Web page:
I need 3 opams for a circuit. One for amplification, one for level shifting and one for sharpening badly shaped pulses, For the last part(pulse sharpening) I want to use a comparator/schmitt trigger. Can I just use LM324 for all since it has 4 opams inside or I need another IC?

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    \$\begingroup\$ That would depend entirely on your application, but it is definitely an option for consideration: analog.com/media/en/technical-documentation/application-notes/… \$\endgroup\$ – EwokNightmares Mar 27 '15 at 14:44
  • \$\begingroup\$ what i do not understand is that some IC is sold with a name Schmitt Trigger. If any opamp can be used as schmitt trigger, what is so special about the ones sold with that name? \$\endgroup\$ – user16307 Mar 27 '15 at 14:47
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    \$\begingroup\$ Schmitt trigger comparators have resistors inside them and usually can switch very fast, unlike an op-amp configured as a comparator. \$\endgroup\$ – Andy aka Mar 27 '15 at 15:12
  • \$\begingroup\$ so do you mean it matters when we want a very sharp rising edges? \$\endgroup\$ – user16307 Mar 27 '15 at 15:41

A Schmitt trigger is simply a comparator with some positive feedback.

You can usually use an op-amp as a kind of comparator (some are better than others) and add resistors to get positive feedback. Op-amps generally don't make very good comparators in terms of speed especially (they can be much better than purpose-built comparators in terms of precision). The reason for this is mostly that op-amps are deliberately slowed down (compensated) with an internal capacitor to make them stable with feedback. So, they behave quite sluggishly to a fast-changing input. Also, many op-amps, of which the LM324 is not one, do not behave well with much differential input voltage applied (they may have a relatively low input impedance if the differential input voltage exceeds a diode drop or two). This is not normally much of an issue for op-amps, but for comparators it can be. Also, some op-amps will drift slightly in offset voltage when a relatively large differential voltage is continuously applied (with a time constant in the months or years).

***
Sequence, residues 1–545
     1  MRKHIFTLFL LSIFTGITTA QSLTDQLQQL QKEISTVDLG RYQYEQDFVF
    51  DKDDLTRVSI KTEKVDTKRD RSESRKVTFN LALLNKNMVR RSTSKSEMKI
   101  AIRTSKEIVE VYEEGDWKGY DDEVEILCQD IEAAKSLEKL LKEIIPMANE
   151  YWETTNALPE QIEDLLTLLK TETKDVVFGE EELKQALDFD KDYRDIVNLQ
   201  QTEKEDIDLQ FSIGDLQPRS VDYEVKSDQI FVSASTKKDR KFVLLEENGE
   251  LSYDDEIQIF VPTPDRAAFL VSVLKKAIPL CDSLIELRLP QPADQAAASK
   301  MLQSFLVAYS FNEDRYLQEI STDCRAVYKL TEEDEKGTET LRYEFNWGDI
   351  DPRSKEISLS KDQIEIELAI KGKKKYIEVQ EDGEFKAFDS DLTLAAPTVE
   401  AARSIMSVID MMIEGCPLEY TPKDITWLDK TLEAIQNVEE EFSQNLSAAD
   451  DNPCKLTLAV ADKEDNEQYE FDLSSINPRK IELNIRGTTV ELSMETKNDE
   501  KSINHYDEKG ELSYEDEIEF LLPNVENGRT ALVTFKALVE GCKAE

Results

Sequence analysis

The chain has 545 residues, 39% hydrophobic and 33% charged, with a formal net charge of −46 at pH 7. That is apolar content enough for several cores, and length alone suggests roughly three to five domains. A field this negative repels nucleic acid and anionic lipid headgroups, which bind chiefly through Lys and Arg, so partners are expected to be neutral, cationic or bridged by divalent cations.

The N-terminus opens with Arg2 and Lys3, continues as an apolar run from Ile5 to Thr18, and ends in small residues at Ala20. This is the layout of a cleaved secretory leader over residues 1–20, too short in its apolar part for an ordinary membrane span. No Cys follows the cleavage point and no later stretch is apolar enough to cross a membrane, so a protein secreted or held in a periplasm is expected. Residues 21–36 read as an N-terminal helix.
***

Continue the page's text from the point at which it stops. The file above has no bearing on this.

For a ST, if you're simply feeding back the op-amp output for the positive feedback, then the output voltages of the op-amp when "railed" form your reference voltages. This is imprecise, especially if the op-amp is not rail-to-rail output (the 'high' from the LM324 for example) so you have to evaluate if that's good enough. Switching more precise voltages for the feedback is not that much more difficult, if necessary.

Bottom line though, if you need a rise and fall time of <100ns to clock a counter, and to be able to follow a 1MHz input, a normal op-amp is probably not going to cut it.

A Schmitt trigger gate effectively has the positive feedback built in (usually different sizes of MOSFETs rather than resistors for CMOS logic), saving components and allowing quite high speed, however the specifications as to trigger points and overall hysteresis are usually quite loose. If you want something that will trigger on at 3.00V+/-5mV on the rising input and off at 2.00V+/-5mV on a falling input, you'll need something more precise than a ST gate.

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  • \$\begingroup\$ what if the signal is maximum 1000Hz and Im interested in pulse frequencies? For those frequencies is LM324 reliable instead of Schmitt Trigger? \$\endgroup\$ – user16307 Mar 27 '15 at 15:45
  • \$\begingroup\$ Well, it should switch but the slew rate is such that it might take a few hundred microseconds for the output to change from one rail to the other (depending on overdrive and supply voltages). That's a significant part of a 500usec half-cycle. \$\endgroup\$ – Spehro Pefhany Mar 27 '15 at 17:21

You can make most op-amps act like it has Schmitt trigger inputs by adding hysteresis.

enter image description here

The advantage here is you can set the trip points to be anything you like. They are controlled by the three resistors R1, R2, and R3. Here is the formulae used:

$$Vh =\frac{Vs*R2}{\frac{R1*R3}{R1+R3}+R2}$$


$$Vl = Vs * \frac{\frac{R2*R3}{R2+R3}}{R1+\frac{R2*R3}{R2+R3}}$$

Vs is the reference supply. Vh is the upper threshold, and Vl is the lower threshold.

Here are the same formulas suitable for input to a spreadsheet if you want to experiment with the values:

= ((A10*A2) / (((A1*A3) / (A1+A3)) + A2))

= A10 * ((A2 * A3) / (A2+A3)) / (A1 + ((A2*A3) / (A2+A3)))

where A1..A3 are the resistor values R1..R3, and A10 is the reference supply.

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  • \$\begingroup\$ So you cannot set adjustable trigger levels in Schmit Trigger? \$\endgroup\$ – user16307 Mar 27 '15 at 15:46
  • \$\begingroup\$ Well I was wrong. I though you could get op-amps with preset hysteresis. I'm unable to find any. You can get logic gates with Schmitt trigger inputs -- e.g. 74HC132 but not apparently op-amps unless someone else knows of one. So you have to use external resistors as shown above, which do allow you to precisely set both high and low trigger points. \$\endgroup\$ – tcrosley Mar 27 '15 at 16:28
  • \$\begingroup\$ Not any op-amp. For instance, TL084 can (depending on the input) exhibit phase inversion in this very configuration. \$\endgroup\$ – Peter Mortensen Apr 3 '15 at 15:37

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